Recent progress in both conceptual and technological approaches to human immunology have rejuvenated a field that has long been dominated by the inbred mouse model. This is a healthy development both for the clinical relevance of immunology and for the fact that it is a way to gain access to the wealth of phenomenology in the many human diseases that involve the immune system. This is where we are likely to discover new immunological mechanisms and principals, especially those involving genetic heterogeneity or environmental influences that are difficult to model effectively in inbred mice...
February 28, 2018: Annual Review of Immunology
Daniel Martinho-Dias, Bernardo Sousa-Pinto, Júlio Botelho-Souza, António Soares, Luís Delgado, João Almeida Fonseca
We performed a MeSH term-based bibliometric analysis aiming to assess the publication trends of EAACI journals, namely Allergy, Pediatric Allergy and Immunology (PAI) (from 1990 to 2015) and Clinical and Translational Allergy (CTA) (from its inception in 2011 to 2015). We also aimed to discuss the impact of the creation of CTA in the publication topics of Allergy and PAI. We analysed a total of 1973 articles and 23,660 MeSH terms. Most MeSH terms in the three journals fell in the category of "basic immunology and molecular biology" (BIMB)...
2018: Clinical and Translational Allergy
Daisuke Takahashi, Mitsuhiro Fujihara, Toru Miyazaki, Keiji Matsubayashi, Shinichiro Sato, Hiroshi Azuma, Toshiaki Kato, Shuichi Kino, Hisami Ikeda, Shigeru Takamoto, Noriyuki Sato, Toshihiko Torigoe
Antibody-mediated phagocytosis of platelets using a flow cytometric monocyte-based phagocytosis assay (FMPA) has been shown to predict the outcome of platelet transfusion. The easy adherence between platelets and monocytes even in the absence of an antibody is regarded as one of limitations of the FMPA. To improve the FMPA for prediction of transfusion outcome, we used the pH-sensitive dye pHrodo succinimidyl ester (pHrodo-SE), which has weak fluorescence at neutral pH and has increased fluorescence intensity in low pH conditions such as in lysomes...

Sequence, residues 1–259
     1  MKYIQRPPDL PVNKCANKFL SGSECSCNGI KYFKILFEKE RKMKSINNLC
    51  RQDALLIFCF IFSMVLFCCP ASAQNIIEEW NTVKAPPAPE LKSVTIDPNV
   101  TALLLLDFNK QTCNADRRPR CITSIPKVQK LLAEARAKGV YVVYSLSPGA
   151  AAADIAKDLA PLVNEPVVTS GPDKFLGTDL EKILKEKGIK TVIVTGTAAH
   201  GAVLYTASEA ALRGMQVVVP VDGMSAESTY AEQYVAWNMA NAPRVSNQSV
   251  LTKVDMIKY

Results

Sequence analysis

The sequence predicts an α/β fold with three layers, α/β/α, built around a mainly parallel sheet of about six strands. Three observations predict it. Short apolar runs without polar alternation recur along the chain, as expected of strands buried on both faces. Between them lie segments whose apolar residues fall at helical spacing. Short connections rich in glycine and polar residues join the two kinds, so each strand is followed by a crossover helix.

March 2018: Journal of Immunological Methods
Frank J Lebeda, Michael Adler, Zygmunt F Dembek
Introduction: This review summarizes the research conducted on botulinum toxin (BoTx) from 1943 to 1956 by a small group of Camp Detrick investigators and their staff. A systematic, cross-disciplinary approach was used to develop effective vaccines against this biological warfare threat agent. In response to the potential need for medical countermeasures against BoTx during World War II, the refinement of isolation and purification techniques for BoTx successfully led to the large-scale production of botulinum toxoid vaccines...
February 6, 2018: Military Medicine
Antonio J Pagán, Lalita Ramakrishnan
Granulomas are organized aggregates of macrophages, often with characteristic morphological changes, and other immune cells. These evolutionarily ancient structures form in response to persistent particulate stimuli-infectious or noninfectious-that individual macrophages cannot eradicate. Granulomas evolved as protective responses to destroy or sequester particles but are frequently pathological in the context of foreign bodies, infections, and inflammatory diseases. We summarize recent findings that suggest that the granulomatous response unfolds in a stepwise program characterized by a series of macrophage activations and transformations that in turn recruit additional cells and produce structural changes...
February 5, 2018: Annual Review of Immunology
Shigekazu Nagata
The human body generates 10-100 billion cells every day, and the same number of cells die to maintain homeostasis in our body. Cells infected by bacteria or viruses also die. The cell death that occurs under physiological conditions mainly proceeds by apoptosis, which is a noninflammatory, or silent, process, while pathogen infection induces necroptosis or pyroptosis, which activates the immune system and causes inflammation. Dead cells generated by apoptosis are quickly engulfed by macrophages for degradation...
February 5, 2018: Annual Review of Immunology
Andrew J Macpherson, Bahtiyar Yilmaz, Julien P Limenitakis, Stephanie C Ganal-Vonarburg
IgA is the dominant immunoglobulin isotype produced in mammals, largely secreted across the intestinal mucosal surface. Although induction of IgA has been a hallmark feature of microbiota colonization following colonization in germ-free animals, until recently appreciation of the function of IgA in host-microbial mutualism has depended mainly on indirect evidence of alterations in microbiota composition or penetration of microbes in the absence of somatic mutations in IgA (or compensatory IgM). Highly parallel sequencing techniques that enable high-resolution analysis of either microbial consortia or IgA sequence diversity are now giving us new perspectives on selective targeting of microbial taxa and the trajectory of IgA diversification according to induction mechanisms, between different individuals and over time...